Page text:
1. Museo Sorolla
|Museo Sorolla-Sale del Pintor by: juantiagues (CC)|
If you’ve already explored Prado or simply wish to escape that museum’s long entry lines, head to Museo Sorolla, which offers a rewarding experience off the beaten path in Madrid. Dedicated to the life and career of Joaquin Sorolla, a celebrated Spanish painter known for his fine portraits and landscapes, the museum occupies a quiet mansion in which the artist created many of his best works. Sorolla designed the lush gardens surrounding the house, finding inspiration in the sun-kissed Mediterranean coastline he often painted. The mansion’s upstairs rooms contain a comprehensive collection of Sorolla’s works, including several of his famous Impressionist beach scenes.
2. Convent of the Royal Barefoot Nuns (Monasterios de las Descalzas Reales)
|Convent of the Royal Barefoot Nuns by: Brian Snelson (CC)|
Founded in 1559 by the daughter of King Charles I of Spain and Queen Isabel of Portugal, the Convent of the Royal Barefoot Nuns sits inside a palace complex that once belonged to this imperial family. Many foreigners find the former palace’s exterior unpromising and skip this attraction altogether, missing the chance to see the convent’s collection of priceless artifacts. In addition to 33 chapels, the convent boasts masterpiece paintings, ornate tapestries, grand sculptures, and major religious relics. Highlights include works by artists Hans de Beken and Brueghel the Elder, along with a set of 17th-century tapestries woven in Brussels to designs made by Baroque painter Peter Paul Rubens. Because entry is by guided tour only, book your visit well in advance.
3. Museo del Aire
|Canadair CL-215T at Museo del Aire by: Barcex (CC)|
A good alternative to the city’s historical sites and lavish mansions filled with artistic treasures, Museo del Aire features six exhibit galleries and houses about 150 aircraft. Located on the outskirts of the city, the museum occupies Spain’s first military airfield, which is now used for both indoor and outdoor displays. Add this attraction to your Madrid trip planner to see dozens of historic airplanes and helicopters, many of which previously served in the Spanish Air Force. A big draw for aviation enthusiasts, the museum also houses hundreds of miniature aircraft models, military uniforms, engines, and weapons. Look for the display of the famous de Havilland Dragon Rapide, which flew Francisco Franco from the Canary Islands to Spanish Morocco in 1936.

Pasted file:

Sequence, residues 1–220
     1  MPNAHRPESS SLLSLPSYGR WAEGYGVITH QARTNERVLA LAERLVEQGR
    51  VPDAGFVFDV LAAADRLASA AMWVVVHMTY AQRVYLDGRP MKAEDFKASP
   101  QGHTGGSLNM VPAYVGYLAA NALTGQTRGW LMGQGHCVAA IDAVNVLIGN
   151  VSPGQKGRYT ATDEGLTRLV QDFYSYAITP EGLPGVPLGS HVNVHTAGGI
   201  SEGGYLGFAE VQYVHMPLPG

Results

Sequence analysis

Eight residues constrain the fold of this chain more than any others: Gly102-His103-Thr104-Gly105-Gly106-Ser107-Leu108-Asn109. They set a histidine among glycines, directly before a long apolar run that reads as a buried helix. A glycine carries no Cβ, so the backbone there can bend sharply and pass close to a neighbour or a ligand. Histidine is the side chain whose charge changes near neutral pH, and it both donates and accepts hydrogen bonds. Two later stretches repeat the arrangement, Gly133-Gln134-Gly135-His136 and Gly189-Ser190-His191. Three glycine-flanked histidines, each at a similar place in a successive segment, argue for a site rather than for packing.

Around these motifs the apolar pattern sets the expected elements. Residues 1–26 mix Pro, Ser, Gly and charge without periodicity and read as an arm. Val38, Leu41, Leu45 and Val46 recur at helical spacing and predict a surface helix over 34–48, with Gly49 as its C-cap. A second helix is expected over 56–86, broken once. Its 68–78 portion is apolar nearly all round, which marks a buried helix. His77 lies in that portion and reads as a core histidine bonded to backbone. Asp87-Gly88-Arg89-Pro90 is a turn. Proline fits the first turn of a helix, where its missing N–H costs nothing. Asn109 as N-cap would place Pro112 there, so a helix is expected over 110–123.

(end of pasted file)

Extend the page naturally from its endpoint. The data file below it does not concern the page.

4. Paseo de la Castellana
|El Paseo de la Castellana by: Jose Manuel Segovia (CC)|
Get a breath of fresh air and stretch your legs with a stroll down Paseo de la Castellana, one of the longest and widest avenues in Madrid. The tree-lined street serves as home to many government offices, international embassies, and banks, which help make this part of the city one of the most cosmopolitan neighborhoods in Spain. Look for souvenirs at the small shops located along the boulevard, or get the feel of the city at one of the terraced cafes frequented by locals living nearby.
5. Basilica de San Miguel
|Basilica de San Miguel-Madrid by: Federico Jorda (CC)|
Frequently overlooked by casual tourists, Basilica de San Miguel remains one of Madrid’s little-known Baroque landmarks. Completed in 1745, the church features a convex facade rarely seen in Spain, along with statues of the four virtues and reliefs of Justo and Pastor, the patron saints of the city. Include the building in your Madrid tour to discover several major wood sculptures, including one by noted Baroque artist Luis Salvador Carmona.
The Secret Side of Madrid
Although you can find dozens of world-famous galleries, parks, squares, shops, and restaurants in Madrid, the city’s secret gems allow you to experience the quieter side of this busy urban center. Avoid the long lines and jostling crowds, and take a little time to visit some of Madrid’s less-explored churches, museums, and neighborhoods.